In the case of trending topics, this is effectively word-of-mouth SEO. You’re getting a display of real-time discussion – the more discussion about the topic, the more likely the searcher will be shown tweet results in the SERPs. From a marketing perspective, this addition will likely increase the rate of newsjacking and brands trying to tag onto trending topics, as, if successful, they’ll get the double-benefit of appearing not only in the trending discussion on Twitter, but also in related Google search results. It’ll also highlight the importance of brand awareness efforts in regards to trending topics – imagine if you were searching for ‘Nike basketball shoes’ and a trending topic was how an NBA players’ Nikes fell apart on him during a game. That sort of discussion would be hard to ignore for a prospective customer – it’ll be more important than ever for brands to be monitoring Twitter trends to manage or remain aware of such occurrences in order to mitigate potential negative associations.

Of more marketing value, however, is option number two presented here – appearing in the search results based on tweet mentions from prominent users. This will amplify the importance of influencer marketing on Twitter – using the same example as above, what if you were searching for ‘Nike basketball shoes’ and a tweet from NBA star Kobe Bryant appeared high in the results, thanking Nike for making him such great sneakers? That could play a part in your decision making process, right? Of course, as with everything, staged responses or canned endorsements will be obvious to the searcher, and it’s likely people will filter out any such tweets that are overly promotional. But real responses, from real influencers on Twitter, might just have a whole new value proposition for brands, depending on how these tests play out.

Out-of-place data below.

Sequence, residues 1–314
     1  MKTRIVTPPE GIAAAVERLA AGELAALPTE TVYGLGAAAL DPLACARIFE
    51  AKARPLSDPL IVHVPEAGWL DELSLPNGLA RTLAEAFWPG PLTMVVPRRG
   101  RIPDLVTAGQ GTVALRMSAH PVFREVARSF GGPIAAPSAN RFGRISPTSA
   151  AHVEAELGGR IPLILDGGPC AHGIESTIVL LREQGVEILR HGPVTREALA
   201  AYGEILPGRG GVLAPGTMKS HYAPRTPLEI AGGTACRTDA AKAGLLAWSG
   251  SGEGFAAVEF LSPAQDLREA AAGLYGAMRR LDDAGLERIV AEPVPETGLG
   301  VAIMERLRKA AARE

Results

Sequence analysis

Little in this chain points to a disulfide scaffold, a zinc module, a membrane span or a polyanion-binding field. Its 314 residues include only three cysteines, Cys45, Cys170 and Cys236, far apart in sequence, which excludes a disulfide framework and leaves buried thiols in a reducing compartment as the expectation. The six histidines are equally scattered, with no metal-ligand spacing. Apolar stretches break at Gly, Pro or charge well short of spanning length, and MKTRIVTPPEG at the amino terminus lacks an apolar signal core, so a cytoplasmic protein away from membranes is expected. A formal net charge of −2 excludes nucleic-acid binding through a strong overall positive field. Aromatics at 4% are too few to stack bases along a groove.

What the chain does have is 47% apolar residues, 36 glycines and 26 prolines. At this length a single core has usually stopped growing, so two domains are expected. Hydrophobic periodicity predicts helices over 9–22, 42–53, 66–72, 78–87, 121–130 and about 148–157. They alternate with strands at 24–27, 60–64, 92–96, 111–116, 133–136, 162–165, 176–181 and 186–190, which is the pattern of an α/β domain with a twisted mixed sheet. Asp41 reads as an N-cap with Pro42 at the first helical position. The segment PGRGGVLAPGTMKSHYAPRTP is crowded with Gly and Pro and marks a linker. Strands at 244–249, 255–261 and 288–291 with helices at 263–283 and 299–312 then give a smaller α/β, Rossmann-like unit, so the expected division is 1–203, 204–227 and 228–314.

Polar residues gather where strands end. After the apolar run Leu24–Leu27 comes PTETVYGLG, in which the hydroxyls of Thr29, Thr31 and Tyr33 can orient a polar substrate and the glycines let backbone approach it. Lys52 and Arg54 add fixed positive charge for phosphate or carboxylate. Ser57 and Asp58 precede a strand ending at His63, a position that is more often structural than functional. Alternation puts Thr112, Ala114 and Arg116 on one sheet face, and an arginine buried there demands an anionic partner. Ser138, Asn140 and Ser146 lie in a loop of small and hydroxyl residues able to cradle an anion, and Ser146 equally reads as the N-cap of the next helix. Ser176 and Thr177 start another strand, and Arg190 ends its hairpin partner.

The Sleeping Giant

Social search, elaborating on the context of your search results with the real-time discussion from social media platforms, is fast becoming a big deal. People are placing less trust in brand messaging these days, and a significant impetus for that change may be that they simply no longer have to. In times past, brands had more control over the flow of information, they told consumers what they wanted them to hear and managed the message according to their own strategic goals. But in the connected era, in which people have access to all the information, all the time, consumers can inform themselves. Studies have shown that people are already more than halfway along the purchase cycle before they even get in touch with brands, they’re not coming to your sales reps looking for more info the way they used to do. The value is in relationships, in having a higher value proposition than the product itself. In this context, social search is more important than ever – because what’s more valuable than a recommendation from the people you know and trust?

The Google/Twitter partnership only underlines the rising importance of social search and of adding that additional context to the search process. But Facebook knows this too, and you can bet, they’ll be planning their own response.

Graph Search 2.0

Facebook Graph Search was largely seen as a failure. Or not a failure, as such, but a glitchy system that never quite delivered on its massive potential. Facebook acknowledged this – Mark Zuckerberg himself has noted that the results weren’t consistent. But just as Google and Twitter move to stake their claim on social search, Facebook will be looking to roll out Graph Search 2.0, and it will be a massive improvement on the first iteration.